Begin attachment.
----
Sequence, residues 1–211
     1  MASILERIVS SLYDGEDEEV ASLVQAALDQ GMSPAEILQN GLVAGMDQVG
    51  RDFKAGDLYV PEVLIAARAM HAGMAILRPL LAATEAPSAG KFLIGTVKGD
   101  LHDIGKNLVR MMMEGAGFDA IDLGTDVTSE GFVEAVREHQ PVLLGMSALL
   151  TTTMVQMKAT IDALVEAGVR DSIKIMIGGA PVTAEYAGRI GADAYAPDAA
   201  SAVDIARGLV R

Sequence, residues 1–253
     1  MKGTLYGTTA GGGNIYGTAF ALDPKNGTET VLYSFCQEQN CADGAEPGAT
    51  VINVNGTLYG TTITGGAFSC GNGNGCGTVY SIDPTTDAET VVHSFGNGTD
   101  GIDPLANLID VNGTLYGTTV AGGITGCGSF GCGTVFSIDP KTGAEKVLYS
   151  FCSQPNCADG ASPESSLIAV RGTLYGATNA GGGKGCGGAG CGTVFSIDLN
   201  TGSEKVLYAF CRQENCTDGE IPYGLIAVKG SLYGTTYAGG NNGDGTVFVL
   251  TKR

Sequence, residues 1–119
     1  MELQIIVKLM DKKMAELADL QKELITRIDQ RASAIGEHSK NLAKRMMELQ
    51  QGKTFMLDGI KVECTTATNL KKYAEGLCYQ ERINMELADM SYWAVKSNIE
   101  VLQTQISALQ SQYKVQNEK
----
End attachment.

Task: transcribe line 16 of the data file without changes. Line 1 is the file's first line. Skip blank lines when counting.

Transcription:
    51  QGKTFMLDGI KVECTTATNL KKYAEGLCYQ ERINMELADM SYWAVKSNIE